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The Fantastical Fungi (And Other Subjects) of Phyllis Ma’s Supernatural Still Lifes

Photographer and animator Phyllis Ma’s work is centered around what she calls “special nothings:” ordinary objects that, in the right context, can appear “magical, surreal, or even uncanny.” Fuzzy flowers nuzzling each other, a block of aspic the exact dimensions of an iPhone, a phallic gherkin covered in warty bumps — all resplendent in hyper-stylized settings and hyper-saturated hues. Recently, Ma — who was born in China and immigrated to Brooklyn when she was eight — turned her lens on the mushroom kingdom.
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Guest Editor Fiorella Valdesolo on Mushrooms and the Interconnectedness of All Things

Today, meet Fiorella Valdesolo, a Brooklyn-based writer, editor, and consultant who is probably best known for her role as co-founder and editor-in-chief of the food magazine Gather Journal (whose erstwhile print issues we still hoard). All of the stories we’ll be posting between now and Friday have been either written or chosen by Fiorella; they center around the interconnectedness of all things — and, in a way, why we need each other now more than ever.
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Three Recipes for Virtuous Comfort Food, From a Fave Restaurant of New York Creatives

Right now we're all cooking at home, and all we want is virtuous comfort food — exactly the kind of food that the New York restaurant Dimes is known for. Today we're sharing three recipes from its new book, Dimes Times, all of them warm and soothing, relatively easy to make, and freezer-friendly, too. It's no sitting-at-a-Matisse-inspired-table-sipping-wheatgrass-margaritas, but it's the perfect thing for a pandemic that has deprived us of such.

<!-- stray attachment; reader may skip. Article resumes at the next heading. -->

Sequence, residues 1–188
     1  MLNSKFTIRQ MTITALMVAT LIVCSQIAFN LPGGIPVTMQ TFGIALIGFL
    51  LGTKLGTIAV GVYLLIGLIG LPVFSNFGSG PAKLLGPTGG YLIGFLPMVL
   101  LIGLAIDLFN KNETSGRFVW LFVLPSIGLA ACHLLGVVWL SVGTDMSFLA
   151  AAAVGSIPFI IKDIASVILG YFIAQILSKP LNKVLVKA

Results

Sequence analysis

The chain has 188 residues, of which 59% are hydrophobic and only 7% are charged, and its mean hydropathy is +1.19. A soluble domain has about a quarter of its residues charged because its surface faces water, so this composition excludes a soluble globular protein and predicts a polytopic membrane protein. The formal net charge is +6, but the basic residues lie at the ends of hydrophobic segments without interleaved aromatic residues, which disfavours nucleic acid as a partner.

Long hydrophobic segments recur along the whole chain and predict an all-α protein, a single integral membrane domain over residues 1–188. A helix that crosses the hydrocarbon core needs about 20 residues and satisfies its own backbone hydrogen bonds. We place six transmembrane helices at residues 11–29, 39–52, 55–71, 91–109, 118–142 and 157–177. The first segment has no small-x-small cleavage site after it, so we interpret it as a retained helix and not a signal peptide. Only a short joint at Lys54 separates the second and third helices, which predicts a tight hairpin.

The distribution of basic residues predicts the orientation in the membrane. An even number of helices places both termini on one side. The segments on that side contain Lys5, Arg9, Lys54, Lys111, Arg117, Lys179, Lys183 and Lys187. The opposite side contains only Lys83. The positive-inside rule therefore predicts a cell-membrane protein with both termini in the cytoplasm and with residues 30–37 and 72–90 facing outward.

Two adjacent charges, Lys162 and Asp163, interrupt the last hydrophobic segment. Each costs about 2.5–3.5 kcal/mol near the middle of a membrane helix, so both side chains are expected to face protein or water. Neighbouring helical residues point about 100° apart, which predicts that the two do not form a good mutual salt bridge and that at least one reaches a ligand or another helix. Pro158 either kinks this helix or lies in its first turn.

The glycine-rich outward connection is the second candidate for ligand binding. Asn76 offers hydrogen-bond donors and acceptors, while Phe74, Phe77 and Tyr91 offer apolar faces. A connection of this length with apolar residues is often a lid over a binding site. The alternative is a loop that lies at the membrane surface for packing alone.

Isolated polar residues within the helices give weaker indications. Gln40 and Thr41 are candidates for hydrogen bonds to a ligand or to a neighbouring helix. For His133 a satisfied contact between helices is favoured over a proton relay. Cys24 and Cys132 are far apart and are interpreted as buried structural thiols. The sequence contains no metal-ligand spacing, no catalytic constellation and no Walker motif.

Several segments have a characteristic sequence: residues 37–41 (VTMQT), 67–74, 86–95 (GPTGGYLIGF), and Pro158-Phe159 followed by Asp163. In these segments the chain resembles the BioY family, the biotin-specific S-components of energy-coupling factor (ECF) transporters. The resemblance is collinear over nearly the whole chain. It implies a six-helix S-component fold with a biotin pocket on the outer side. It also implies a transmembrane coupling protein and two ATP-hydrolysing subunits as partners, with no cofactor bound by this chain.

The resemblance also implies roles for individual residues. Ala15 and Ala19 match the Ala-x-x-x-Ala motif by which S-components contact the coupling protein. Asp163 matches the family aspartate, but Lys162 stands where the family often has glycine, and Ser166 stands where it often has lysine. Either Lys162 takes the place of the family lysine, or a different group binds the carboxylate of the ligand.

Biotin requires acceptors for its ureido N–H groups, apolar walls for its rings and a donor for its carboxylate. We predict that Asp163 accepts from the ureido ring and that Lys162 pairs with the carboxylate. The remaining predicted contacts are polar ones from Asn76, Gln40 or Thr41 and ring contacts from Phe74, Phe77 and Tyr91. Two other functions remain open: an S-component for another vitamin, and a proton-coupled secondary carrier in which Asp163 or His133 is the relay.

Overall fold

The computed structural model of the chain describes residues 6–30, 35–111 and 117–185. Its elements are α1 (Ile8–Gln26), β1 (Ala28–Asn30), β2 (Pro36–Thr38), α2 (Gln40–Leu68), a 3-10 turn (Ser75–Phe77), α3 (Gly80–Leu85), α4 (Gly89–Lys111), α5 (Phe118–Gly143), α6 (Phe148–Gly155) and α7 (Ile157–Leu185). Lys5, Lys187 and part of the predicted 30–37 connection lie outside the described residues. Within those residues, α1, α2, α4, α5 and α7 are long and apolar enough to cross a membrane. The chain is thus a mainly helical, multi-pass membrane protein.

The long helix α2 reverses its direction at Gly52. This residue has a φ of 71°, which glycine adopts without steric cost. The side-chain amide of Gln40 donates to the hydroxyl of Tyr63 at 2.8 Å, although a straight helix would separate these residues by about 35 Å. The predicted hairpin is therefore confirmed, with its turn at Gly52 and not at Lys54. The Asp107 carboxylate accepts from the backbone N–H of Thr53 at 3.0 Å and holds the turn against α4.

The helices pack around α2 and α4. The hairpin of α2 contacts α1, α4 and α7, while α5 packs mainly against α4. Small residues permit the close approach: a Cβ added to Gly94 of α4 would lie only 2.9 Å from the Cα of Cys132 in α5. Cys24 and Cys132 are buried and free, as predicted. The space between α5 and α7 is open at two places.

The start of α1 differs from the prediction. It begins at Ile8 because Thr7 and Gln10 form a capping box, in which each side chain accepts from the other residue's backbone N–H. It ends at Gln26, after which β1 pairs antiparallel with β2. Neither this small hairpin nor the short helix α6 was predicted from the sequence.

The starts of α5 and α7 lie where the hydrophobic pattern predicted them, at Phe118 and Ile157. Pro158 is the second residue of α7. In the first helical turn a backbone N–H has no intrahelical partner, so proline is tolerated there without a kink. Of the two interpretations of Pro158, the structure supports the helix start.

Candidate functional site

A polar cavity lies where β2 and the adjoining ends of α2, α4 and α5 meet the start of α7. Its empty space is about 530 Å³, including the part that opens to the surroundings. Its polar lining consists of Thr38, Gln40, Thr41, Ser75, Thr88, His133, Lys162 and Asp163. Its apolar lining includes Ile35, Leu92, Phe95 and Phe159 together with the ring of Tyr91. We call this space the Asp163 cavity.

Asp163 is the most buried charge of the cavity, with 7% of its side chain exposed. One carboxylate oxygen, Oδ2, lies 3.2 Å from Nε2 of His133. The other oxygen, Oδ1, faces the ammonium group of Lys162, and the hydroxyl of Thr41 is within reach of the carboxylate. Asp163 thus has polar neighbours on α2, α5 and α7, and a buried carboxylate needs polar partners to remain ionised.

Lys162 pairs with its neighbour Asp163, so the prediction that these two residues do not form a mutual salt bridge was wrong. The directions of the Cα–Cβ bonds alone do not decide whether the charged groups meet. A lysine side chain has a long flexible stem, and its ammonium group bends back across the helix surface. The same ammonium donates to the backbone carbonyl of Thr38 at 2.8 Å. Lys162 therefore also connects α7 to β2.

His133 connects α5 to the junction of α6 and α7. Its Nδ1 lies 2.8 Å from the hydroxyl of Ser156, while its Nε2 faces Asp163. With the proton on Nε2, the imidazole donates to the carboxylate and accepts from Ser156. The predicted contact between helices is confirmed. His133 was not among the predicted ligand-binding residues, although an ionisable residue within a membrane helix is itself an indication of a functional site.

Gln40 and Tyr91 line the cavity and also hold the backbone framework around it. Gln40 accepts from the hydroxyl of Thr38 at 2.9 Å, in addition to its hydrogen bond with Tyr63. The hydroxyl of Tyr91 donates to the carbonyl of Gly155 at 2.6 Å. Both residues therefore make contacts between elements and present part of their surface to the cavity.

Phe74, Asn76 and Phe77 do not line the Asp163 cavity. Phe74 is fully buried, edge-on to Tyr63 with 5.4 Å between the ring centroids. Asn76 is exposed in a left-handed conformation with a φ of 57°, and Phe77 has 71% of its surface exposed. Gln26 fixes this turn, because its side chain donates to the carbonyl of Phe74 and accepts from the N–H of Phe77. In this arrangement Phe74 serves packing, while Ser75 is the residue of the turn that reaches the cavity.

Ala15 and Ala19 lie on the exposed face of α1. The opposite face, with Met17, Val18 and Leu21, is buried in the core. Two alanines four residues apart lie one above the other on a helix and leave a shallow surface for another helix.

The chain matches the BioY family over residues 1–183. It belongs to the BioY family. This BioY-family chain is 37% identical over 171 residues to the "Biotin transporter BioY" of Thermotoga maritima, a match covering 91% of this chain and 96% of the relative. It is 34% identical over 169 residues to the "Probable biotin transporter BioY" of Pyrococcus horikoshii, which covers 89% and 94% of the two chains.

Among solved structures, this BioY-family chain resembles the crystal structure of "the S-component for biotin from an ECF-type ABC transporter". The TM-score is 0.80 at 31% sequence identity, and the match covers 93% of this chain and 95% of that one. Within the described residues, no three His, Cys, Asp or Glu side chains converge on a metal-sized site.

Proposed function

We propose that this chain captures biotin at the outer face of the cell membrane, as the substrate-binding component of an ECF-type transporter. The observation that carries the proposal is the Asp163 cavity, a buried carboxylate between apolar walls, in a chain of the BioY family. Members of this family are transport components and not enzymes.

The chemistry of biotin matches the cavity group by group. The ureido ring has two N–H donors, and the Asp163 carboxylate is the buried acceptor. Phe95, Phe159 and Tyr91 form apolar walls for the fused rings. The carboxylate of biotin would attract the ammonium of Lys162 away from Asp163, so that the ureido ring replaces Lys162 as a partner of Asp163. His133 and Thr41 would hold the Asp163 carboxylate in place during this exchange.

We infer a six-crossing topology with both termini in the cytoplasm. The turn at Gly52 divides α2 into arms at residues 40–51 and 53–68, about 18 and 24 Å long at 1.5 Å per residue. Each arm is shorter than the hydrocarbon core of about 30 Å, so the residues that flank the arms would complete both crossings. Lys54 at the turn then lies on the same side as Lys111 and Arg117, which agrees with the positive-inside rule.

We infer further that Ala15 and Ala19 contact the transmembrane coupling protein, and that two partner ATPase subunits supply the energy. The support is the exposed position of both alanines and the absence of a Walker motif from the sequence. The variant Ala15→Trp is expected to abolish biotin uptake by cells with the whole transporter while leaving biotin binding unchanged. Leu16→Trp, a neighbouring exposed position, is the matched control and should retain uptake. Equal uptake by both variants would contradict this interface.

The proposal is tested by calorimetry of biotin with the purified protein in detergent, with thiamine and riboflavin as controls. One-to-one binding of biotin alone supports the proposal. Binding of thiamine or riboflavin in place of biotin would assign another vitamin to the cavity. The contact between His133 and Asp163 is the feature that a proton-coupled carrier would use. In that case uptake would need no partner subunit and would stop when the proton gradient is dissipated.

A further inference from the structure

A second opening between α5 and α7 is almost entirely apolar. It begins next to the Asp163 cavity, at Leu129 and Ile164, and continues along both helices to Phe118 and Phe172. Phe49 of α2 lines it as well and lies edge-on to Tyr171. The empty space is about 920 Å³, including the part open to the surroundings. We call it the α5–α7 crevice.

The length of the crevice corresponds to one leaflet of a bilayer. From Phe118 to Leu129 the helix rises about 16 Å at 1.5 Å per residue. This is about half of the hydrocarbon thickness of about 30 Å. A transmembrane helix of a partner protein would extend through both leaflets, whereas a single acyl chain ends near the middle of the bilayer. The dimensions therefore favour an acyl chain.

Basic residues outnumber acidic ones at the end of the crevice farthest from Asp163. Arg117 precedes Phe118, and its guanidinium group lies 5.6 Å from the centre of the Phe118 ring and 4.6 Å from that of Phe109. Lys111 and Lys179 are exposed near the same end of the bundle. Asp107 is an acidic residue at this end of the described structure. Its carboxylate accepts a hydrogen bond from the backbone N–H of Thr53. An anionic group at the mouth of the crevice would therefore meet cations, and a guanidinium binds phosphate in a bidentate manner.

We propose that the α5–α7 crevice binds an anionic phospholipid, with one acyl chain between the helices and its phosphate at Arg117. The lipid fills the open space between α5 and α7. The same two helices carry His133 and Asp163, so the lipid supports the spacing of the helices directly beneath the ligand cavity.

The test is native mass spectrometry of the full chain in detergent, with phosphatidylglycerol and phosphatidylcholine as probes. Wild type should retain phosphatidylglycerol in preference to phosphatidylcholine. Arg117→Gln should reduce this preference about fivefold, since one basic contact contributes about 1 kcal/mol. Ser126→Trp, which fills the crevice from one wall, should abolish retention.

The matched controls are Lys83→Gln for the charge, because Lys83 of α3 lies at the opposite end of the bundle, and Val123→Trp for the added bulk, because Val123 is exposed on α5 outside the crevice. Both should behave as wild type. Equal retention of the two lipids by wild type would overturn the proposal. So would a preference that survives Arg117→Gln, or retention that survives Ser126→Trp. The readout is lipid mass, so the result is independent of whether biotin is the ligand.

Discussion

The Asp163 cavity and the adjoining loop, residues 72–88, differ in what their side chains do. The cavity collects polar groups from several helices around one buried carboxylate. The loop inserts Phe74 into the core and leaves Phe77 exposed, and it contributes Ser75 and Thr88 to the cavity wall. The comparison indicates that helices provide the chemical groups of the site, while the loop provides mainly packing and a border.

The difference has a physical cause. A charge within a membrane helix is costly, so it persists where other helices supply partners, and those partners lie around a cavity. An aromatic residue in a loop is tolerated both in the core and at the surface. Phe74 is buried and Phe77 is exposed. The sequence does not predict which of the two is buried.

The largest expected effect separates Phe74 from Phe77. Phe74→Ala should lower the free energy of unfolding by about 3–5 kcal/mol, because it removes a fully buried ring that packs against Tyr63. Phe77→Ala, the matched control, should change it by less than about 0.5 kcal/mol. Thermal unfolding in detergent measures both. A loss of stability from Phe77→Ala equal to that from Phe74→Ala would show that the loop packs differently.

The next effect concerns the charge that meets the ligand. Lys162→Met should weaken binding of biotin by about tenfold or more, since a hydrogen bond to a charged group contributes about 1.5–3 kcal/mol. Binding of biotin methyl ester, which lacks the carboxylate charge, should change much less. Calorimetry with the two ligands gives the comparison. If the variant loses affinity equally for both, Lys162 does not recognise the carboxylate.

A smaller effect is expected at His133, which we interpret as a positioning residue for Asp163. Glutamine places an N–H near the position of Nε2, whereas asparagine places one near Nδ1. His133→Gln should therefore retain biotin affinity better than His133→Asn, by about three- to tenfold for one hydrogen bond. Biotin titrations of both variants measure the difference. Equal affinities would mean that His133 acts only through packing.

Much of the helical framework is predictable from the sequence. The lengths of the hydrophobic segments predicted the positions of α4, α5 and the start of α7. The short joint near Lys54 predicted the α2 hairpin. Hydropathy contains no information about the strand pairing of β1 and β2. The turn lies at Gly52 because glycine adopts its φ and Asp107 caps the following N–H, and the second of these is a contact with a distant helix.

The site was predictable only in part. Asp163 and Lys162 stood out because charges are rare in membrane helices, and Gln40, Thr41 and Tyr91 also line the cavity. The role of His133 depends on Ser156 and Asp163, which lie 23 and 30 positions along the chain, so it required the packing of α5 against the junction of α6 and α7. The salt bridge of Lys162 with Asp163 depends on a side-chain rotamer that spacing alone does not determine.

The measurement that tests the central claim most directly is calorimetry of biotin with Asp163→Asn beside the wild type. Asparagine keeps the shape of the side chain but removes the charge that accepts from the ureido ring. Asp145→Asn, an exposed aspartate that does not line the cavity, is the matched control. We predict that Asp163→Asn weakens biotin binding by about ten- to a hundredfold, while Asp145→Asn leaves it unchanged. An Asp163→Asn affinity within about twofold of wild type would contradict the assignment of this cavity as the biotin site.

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In a New York Apartment, Dimes Co-Founder Sabrina De Sousa Lives With What She Makes

Like her restaurant, Dimes, Sabrina De Sousa's impeccably appointed Chinatown apartment is filled with objects she created herself, which is why we’ve been begging her for ages to photograph it — a feat we've finally pulled off thanks to our editorial collaboration with Sonos. We've teamed up with the smart speaker brand for a new storytelling series called Creative Women at Home, in which we’ll visit the homes of four influential women and find out how they live, work, relax, and listen.
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Week of July 16, 2018

A weekly Saturday recap to share with you our favorite links, discoveries, exhibitions, and more from the past seven days. This week: The perfect desk to match your Cesca chairs, the chicest use of Gaetano Pesce furniture we've seen, and a series of tables that mark the breakout of a new female-led Thai design studio.
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Design History: A Timeline of the Most Iconic Dining Objects of All Time

If we’re being totally honest, our idea to create a timeline of iconic dining objects for the second-ever issue of MOLD — the bi-annual journal about the future of food, which we were invited to guest-edit by our friend and colleague Linyee Yuan — didn’t initially spring from any grand pedagogic ambition to illustrate the history of design through the lens of one of humankind’s most universal rituals. It came, rather, from a chance, late-night encounter with a particularly nostalgic bit of pop culture: the Beetlejuice dinner-party scene.
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Tauba Auerbach on Making Art — and Salad — In a New Cookbook